Russian 'ISIS recruit' girl returns to Moscow, to be questioned by police
The 19-year old touched down in Moscow after flying from Istanbul on Thursday. Russian diplomats in Turkey have stressed that the girl was not deported from the country: "This isn't about deportation. She will simply return to Russia," a Russian embassy spokesperson in Turkey, Igor Mityakov said.
Varvara was detained by the Turkish authorities in the south-central Turkish city of Kilis near the border with Syria last week, when she allegedly tried to cross the border along with another 13 Russians, including six children. The group is believed to have been on their way to join the Islamic State (IS, formerly ISIS/ISIL).
— RT (@RT_com) June 6, 2015
At a Turkish airport on Thursday, the girl wore clothes covering her whole body, and was hiding her face under a headscarf. According to the girl's father, Pavel Karaulov, the student at Moscow State University’s philosophy department, went missing in late May after having developed a keen interest in Islam.
"I am going to prove that she is not a criminal, but a victim. Our family has a lawyer. I think she has had no understanding of where she was going. She didn't have any criminal intent," Pavel Karaulov said, as quoted by RIA Novosti.
After meeting his daughter for the first time after she was detained in Turkey, Karaulov said she had been crying and wanted to go home. "The child who is subject to heavy psychological pressure can and should count on understanding," he told RT, adding that his daughter has suffered "a psychological trauma."
Karaulov also told RT that although his daughter had lost some weight and "her eyes looked very sad," she was otherwise healthy. "A medical examination has been conducted, the findings were normal, no substances have been found," he told RT.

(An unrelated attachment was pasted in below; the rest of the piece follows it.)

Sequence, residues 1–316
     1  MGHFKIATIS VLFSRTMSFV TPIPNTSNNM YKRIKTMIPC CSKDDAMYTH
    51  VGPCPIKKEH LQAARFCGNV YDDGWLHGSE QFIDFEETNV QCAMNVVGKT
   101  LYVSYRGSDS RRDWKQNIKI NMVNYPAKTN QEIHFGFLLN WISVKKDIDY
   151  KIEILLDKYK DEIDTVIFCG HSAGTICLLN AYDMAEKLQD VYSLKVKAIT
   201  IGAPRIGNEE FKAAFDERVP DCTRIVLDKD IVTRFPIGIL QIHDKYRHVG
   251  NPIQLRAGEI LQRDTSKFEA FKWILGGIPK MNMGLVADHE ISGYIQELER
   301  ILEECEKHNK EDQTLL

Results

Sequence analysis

Although her family believes the girl is innocent, she will be taken to Moscow's Investigative Committee to be questioned by police. No criminal case has been opened, but spokesman Vladimir Markin said a number of facts needed to be checked. If found guilty of intentionally joining IS, a person faces from five to ten years in prison, and a fine of up to 500,000 rubles (around $9,000), Markin said.
"I am sure in this case Varvara is a complainant, as there are obvious signs that she has suffered both physical and psychological pressure," lawyer Aleksandr Karabanov told journalists, adding that the girl's passport has been taken away from her.
— RT (@RT_com) June 6, 2015
Having called the operation to find Karaulova "unprecedented," the lawyer said the girl could have been lost forever "within hours," if she had managed to cross the border into Syria.
Russian diplomats in Turkey are now trying to get access to other Russians who have been detained on the border and have been suspected of having links with IS.
"Of course it worries us. It should worry everyone, as people fighting in the Middle East, also in the ranks of ISIL, are European, from the US and other [foreign] states citizens," Russia's Foreign Minister Sergey Lavrov mentioned.
Lavrov added that a joint strategy should be worked out to fight the IS threat and its recruitment of foreign citizens.
"To effectively fight the terrorist threat, including the IS threat, a true universal joining of efforts is necessary, which will be based on international law and include the role of UN Security Council," the Russian Foreign Minister said. “Such efforts should be based on partnership links, including intelligence ones,” Lavrov concluded.